“EWWWW!” Angie placed her hands over her mouth. In the living room, they heard footsteps approach their tent. The blanket edge lifted and two plates scooted underneath. One had four “Big Mama’s biscuits” - a secret recipe from their grandmother. The other plate had a large helping of small, red, bug-looking things with shells and tails.
“PINCHER PEOPLE!” both girls screamed. Then their giggles mixed in with their “yums” while they devoured dinner.
The daydream faded. Angie’s attention focused on the tiny movement below. She took a deep breath and dived, snagging the unknowing creature in her fingers. Then Angie popped up through the water’s surface and blew water from her breathing spout in whale fashion. She swam back to the dock and climbed up on the creaking boards.
Before she placed her find into the waiting bucket, Angie held the creature before her face, watching the crawdaddy’s little antennas weaving through the air in confusion. Angie scrunched her features into her meanest glare.
“Pincher person, you’re not snapping off anybody’s toes anymore!”
by Michelle Hickman
I opened my mailbox and saw the card, “Sorry we missed you.”
For a brief time, I wondered who it could have been that wanted to drop by. I was at home, more than likely not paying any attention to the pounding noise along the downstairs floor and figuring it was just the handyman banging away at something.
If the person had called, I would have invited them upstairs. I would have offered them something to drink, although I only have orange juice and milk in the fridge. We could have chatted for a spell, really, about anything they wanted. They could have brought a little ray of sunshine in my otherwise bland and dreary existence.
I took a closer look at the card.
It was from the post office. The carrier must have placed it in there. I began to wonder. Have I ever met the carrier? Was he or she a friendly person? Did they want to meet everyone on their route, getting to know them better so they can be left greeting cards and gifts during the holidays? I flipped over the card and within a tiny box was a check mark beside the word “Parcel.”
Something too big for the mailbox had come in. Really, everything is too big for the rinky-dink mailbox I have, even regular business-sized envelopes. The card said the parcel would be ready for pickup the next day, or I could schedule it to have it redelivered. Well, it’s not like I’m doing much with my oh-so-precious time at the moment. So I decide to head out bright and early to pick up the parcel.
Parcel? That’s such a funny British word. Anytime I hear of it, I think of a piece of land. “Pick up your parcel of plowed plant paradise at your local post office and be a pro for eco-friendly progress.” Try and say that 10 times fast.
Anyhow, I went to pick up the “parcel.” I walked along the sidewalk, keeping an ear for any busses coming my way. It’s not exactly a long walk, maybe five or six blocks, but if I could catch the bus I would. The skies were cloudy, but no rain was falling. I can never tell from the apartment. It always seemed cloudy since the building across the street is taller than the one where I live in, casting its huge shadow over every window. It was a bit windy, throwing some loose debris around as I rubbed my eyes now and again.
I watched a sidewalk sweeper rumble by, the man bouncing in his seat and twirling the wheel to avoid the small trees planted along the street edge. I walked by the bank I use, the security guard standing outside looking intently down the street. A few minutes earlier, a cop car had driven past. I wondered if the security guard was interested to see some action, whether or not he knew the local officers, or perhaps reminiscing the days when as a kid he had accompanied the police on a drive-around, as he had high dreams of becoming a beat cop but was never able to pass the physical.
I reached the post office. For once it was empty as the clerk behind the desk scrunched her face when I handed her the parcel pickup card. She asked to see my id. I had it ready for her. Her face scrunched some more, and I wondered if she ever worried about the massive wrinkles she was causing that might stay with her into old age. She scurried behind the large wall and returned in about two minutes with my parcel.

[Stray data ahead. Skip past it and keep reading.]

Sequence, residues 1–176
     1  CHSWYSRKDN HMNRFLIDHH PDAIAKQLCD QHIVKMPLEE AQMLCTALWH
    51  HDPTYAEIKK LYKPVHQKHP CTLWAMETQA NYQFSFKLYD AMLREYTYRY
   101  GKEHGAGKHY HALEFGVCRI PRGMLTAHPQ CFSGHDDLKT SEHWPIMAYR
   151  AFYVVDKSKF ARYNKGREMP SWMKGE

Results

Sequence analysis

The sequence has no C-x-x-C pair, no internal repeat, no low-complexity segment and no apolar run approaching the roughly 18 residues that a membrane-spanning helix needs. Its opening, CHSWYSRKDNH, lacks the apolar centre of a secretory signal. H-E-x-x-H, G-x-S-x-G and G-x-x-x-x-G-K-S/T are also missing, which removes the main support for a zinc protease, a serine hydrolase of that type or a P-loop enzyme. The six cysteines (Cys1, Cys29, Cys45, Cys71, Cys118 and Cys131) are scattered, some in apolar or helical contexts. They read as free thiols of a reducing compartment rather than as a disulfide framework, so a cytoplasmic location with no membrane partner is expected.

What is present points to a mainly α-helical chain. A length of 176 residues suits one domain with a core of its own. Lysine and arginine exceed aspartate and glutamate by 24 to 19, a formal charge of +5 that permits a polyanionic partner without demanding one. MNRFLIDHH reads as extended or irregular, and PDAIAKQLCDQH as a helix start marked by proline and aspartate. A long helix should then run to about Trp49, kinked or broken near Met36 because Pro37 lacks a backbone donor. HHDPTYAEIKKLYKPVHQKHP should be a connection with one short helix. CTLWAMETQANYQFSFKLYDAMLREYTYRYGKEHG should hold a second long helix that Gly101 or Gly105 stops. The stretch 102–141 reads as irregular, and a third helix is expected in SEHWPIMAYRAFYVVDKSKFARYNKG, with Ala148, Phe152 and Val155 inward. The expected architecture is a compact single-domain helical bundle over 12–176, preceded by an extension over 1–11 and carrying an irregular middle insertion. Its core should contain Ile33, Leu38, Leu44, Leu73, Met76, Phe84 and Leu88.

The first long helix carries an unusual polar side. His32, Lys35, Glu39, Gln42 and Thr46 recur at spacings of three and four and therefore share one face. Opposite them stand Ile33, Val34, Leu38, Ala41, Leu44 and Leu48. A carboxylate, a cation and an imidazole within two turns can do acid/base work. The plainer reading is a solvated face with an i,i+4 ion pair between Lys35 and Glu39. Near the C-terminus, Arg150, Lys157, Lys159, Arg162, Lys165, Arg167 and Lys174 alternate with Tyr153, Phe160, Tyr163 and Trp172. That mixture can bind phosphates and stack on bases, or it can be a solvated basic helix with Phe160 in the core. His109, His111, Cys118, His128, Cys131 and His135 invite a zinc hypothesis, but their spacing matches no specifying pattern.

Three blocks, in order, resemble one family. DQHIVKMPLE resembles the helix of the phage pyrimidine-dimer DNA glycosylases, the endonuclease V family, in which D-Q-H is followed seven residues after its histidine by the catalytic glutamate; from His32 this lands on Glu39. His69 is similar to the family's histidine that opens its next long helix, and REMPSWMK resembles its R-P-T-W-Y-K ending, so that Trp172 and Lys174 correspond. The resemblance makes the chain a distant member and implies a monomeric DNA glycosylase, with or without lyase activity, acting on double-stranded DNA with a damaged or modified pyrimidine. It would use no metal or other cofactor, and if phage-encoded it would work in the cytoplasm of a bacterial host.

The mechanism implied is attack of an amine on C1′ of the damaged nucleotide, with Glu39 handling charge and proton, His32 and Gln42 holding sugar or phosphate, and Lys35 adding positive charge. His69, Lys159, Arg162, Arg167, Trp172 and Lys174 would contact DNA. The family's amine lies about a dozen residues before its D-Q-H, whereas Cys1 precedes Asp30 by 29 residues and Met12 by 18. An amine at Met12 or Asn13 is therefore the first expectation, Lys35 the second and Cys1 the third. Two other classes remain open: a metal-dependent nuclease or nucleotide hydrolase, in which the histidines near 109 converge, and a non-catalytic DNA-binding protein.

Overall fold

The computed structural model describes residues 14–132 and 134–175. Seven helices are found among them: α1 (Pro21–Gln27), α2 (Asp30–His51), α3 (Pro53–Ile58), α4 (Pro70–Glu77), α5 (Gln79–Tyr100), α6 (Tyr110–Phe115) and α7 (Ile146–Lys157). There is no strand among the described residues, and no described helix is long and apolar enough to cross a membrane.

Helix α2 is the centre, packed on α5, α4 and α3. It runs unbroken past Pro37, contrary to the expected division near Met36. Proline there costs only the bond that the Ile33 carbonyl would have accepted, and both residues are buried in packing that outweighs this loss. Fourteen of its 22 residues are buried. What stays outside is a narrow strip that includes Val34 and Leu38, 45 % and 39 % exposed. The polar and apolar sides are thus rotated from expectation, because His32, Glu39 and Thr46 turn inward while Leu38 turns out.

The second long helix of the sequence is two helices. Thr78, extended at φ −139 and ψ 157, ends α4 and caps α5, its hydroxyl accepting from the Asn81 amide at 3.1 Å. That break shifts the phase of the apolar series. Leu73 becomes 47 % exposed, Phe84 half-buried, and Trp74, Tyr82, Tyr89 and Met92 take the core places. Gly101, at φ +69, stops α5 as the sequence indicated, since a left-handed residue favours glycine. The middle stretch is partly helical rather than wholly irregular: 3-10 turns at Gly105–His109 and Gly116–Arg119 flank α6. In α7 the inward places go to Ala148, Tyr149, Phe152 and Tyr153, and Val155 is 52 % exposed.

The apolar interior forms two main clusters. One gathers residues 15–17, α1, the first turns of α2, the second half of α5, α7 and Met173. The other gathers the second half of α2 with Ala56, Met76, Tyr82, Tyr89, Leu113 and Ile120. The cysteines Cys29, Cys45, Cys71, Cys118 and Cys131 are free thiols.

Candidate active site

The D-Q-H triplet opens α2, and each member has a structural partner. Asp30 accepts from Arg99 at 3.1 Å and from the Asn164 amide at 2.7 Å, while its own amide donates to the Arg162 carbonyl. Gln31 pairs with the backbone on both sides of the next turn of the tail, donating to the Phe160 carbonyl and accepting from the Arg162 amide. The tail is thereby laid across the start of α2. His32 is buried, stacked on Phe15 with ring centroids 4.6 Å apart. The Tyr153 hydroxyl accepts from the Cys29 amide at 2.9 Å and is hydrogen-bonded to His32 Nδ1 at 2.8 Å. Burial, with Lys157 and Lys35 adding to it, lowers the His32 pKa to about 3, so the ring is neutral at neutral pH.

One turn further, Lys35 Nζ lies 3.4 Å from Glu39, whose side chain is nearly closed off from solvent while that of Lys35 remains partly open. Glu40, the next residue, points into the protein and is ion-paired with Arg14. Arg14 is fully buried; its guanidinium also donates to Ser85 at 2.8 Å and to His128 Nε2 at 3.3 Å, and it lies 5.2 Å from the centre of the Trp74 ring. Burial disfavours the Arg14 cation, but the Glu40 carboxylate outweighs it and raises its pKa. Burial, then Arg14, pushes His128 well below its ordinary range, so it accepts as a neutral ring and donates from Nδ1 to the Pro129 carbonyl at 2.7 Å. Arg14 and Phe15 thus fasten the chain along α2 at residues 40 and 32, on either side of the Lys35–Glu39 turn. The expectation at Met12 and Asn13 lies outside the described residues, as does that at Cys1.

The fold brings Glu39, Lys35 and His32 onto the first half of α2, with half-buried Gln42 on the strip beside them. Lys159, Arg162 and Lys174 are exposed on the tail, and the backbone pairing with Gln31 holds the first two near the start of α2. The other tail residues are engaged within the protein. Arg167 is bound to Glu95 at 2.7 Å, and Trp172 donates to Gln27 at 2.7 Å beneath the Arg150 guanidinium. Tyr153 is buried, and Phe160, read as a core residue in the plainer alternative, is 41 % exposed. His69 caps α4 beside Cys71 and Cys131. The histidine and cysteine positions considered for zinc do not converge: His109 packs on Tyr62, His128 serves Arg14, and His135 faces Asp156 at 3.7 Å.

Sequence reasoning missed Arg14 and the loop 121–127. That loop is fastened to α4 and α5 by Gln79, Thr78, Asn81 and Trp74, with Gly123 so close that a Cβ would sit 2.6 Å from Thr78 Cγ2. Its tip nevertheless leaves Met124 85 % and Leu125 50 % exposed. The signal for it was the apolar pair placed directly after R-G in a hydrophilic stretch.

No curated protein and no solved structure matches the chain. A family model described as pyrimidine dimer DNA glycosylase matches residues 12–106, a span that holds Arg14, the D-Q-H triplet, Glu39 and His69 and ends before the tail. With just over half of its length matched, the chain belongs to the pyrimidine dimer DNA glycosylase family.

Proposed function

It wasn’t land. I was hoping it would be. I heard the bubble had burst for the real-estate market. Of course, experts have been saying that for years. Still, I might have fetched a good asking price for the square of sod... or at least turned it into a neat welcome mat.
It was a box from Lulu. I thanked the clerk and head out the door. Lulu? Was she a cousin of Laverne or Shirley? I never really understood the plot of that show, despite watching it. Two women living with each other and all the wackiness they do. It was like Felix and Oscar from “The Odd Couple” but geared more for women. I suppose the feminist came out in force to ask for their own show.
Lulu. I knew what the package was. The company is one of those publish-on-demand places. I tore open the package and saw a book inside. I had won it in a contest last week. It was really a magazine filled with several fiction/fantasy stories.
I dropped the outer packaging into the trash and carried my book home, so interested in it that I never heard the bus rumble by. I kept the plastic wrapping on, in case it did rain and proved the weathermen wrong (how dare Mother Nature have a mind of her own to do such a thing as prove that humans don’t know jack-squat about predicting the weather!?!) I walked by the hospital as I saw several people sitting outside on benches, many having a smoke break. A woman laughed as another smoothed out her sundress, making comments about the growing bulge underneath as a man cackled about getting her pregnant. I almost reached the corner as an older man waddled up.
His gait was limping, but not so much as if he had an injury. More like the hardships of life had taken a toll on him, causing him to lean to one side and then the other waiting for a wind of hope and forgiveness would push him upright and lighten life's burden on shoulders. He glanced at me and then his face began to lower in that strange passiveness/shyness strangers have when walking up the street and are caught staring at someone they don’t know.
His eyes started to look down, but mine kept on his face in casual glances. When close enough, I smiled. On his face, a smile also appeared as his head lifted. We silently moved past each other without any greeting. He waddled on his way, perhaps feeling better that someone younger than him gave a bit of notice. I strolled along, hoping I shared with him a bit of my happiness on this day.
"The path to heaven is paved with good intentions."
A reminder from a dear friend.